I wish I could take credit for an improved delivery or better material, but I didn’t really change anything. What changed was the congregation’s awareness that they were going to discuss the message later. People who would normally fold their arms and listen paid careful attention—most even started taking notes. Those who missed a point were likely to catch me afterward to fill in what they missed.
I also discovered that attentiveness is contagious. When everyone else in the room is dialed in, it sends a subtle, maybe even subliminal, message that this is important stuff—don’t miss it. So most people work a little harder to hang in there even during the slow (should I say boring?) parts of the message.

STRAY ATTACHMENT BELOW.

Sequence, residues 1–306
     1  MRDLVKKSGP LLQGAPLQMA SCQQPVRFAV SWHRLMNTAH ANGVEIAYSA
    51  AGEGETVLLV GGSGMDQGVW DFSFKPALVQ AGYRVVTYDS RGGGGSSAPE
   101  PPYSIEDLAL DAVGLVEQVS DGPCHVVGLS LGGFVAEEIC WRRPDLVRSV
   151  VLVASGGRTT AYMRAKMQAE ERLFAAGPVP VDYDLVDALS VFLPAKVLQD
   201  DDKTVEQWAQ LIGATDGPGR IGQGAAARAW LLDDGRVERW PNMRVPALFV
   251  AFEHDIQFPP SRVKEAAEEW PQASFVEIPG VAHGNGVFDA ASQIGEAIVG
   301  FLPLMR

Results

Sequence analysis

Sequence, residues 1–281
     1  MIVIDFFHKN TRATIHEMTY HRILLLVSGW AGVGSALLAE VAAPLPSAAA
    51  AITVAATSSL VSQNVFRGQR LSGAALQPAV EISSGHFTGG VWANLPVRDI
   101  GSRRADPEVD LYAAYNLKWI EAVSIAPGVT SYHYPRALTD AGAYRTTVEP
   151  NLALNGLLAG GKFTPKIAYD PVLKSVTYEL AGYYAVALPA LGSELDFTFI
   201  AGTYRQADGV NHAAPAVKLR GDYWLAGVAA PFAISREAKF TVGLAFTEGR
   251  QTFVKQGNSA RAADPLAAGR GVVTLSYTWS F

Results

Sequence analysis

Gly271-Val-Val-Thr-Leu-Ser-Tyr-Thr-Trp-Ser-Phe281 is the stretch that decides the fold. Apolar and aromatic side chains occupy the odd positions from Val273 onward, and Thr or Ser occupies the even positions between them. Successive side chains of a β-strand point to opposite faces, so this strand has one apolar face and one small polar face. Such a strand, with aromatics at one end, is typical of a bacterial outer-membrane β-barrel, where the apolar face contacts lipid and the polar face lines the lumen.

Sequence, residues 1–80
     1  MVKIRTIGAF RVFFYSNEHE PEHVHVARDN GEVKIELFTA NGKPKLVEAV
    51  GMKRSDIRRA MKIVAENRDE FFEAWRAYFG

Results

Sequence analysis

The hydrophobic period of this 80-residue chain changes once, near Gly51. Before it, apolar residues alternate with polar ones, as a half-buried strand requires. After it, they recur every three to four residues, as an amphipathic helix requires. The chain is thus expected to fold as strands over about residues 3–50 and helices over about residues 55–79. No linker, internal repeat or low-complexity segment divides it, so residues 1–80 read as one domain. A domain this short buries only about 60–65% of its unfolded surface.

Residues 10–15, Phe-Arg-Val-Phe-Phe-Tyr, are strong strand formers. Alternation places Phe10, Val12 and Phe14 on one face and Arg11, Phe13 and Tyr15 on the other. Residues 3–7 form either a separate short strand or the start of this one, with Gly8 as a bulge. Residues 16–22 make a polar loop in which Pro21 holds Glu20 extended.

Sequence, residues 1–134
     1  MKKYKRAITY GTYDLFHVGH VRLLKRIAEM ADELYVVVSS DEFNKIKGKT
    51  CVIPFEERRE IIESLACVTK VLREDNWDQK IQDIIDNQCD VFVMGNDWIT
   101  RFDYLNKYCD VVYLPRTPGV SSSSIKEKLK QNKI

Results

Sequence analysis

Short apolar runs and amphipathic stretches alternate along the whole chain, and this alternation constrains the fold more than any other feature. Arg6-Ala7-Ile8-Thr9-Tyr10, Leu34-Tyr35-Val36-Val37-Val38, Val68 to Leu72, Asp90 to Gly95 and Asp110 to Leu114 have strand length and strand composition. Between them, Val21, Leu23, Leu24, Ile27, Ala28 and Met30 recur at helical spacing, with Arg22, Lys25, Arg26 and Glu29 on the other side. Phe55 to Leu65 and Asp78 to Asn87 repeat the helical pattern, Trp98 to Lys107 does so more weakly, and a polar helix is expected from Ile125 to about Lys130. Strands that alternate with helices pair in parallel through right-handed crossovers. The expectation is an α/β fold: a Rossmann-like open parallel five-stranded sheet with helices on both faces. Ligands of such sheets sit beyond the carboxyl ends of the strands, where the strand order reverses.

Increased Note Taking
The most obvious sign of greater attentiveness was the marked increase in note taking. That alone had a significant impact.
Educational theorists have long pointed out that we forget most of what we hear unless we also interact with the material visually, verbally, or physically. That’s why getting people to take notes increases recall dramatically.
In every crowd there are always a good number of neurotic note takers (you know the type; they’re the folks who get a nervous twitch if a blank in the sermon outline is left unfilled or a point is skipped over). The challenge is to get everyone else to also write something down.
That’s not too hard to do when their small group questions are tied to the weekend message. Then even the most note-resistant listeners tend to write something down, because they know they’ll be discussing the key points later in the week. Note taking is their way of “laying down some crumbs” so they can find their way back home again when their group meets.
Osborne, L. W. (2008). Sticky church. Grand Rapids, MI: Zondervan.
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